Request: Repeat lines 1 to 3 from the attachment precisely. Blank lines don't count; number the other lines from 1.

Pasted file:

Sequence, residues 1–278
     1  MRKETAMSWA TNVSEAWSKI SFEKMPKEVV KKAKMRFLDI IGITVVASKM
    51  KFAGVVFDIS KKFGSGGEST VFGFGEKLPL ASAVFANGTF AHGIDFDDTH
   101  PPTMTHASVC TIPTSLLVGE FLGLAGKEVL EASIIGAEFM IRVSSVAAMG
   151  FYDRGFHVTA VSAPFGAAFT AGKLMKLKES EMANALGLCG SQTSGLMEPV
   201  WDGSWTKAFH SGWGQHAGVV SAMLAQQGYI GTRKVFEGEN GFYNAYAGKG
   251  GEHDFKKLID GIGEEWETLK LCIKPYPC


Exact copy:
Sequence, residues 1–278
     1  MRKETAMSWA TNVSEAWSKI SFEKMPKEVV KKAKMRFLDI IGITVVASKM
    51  KFAGVVFDIS KKFGSGGEST VFGFGEKLPL ASAVFANGTF AHGIDFDDTH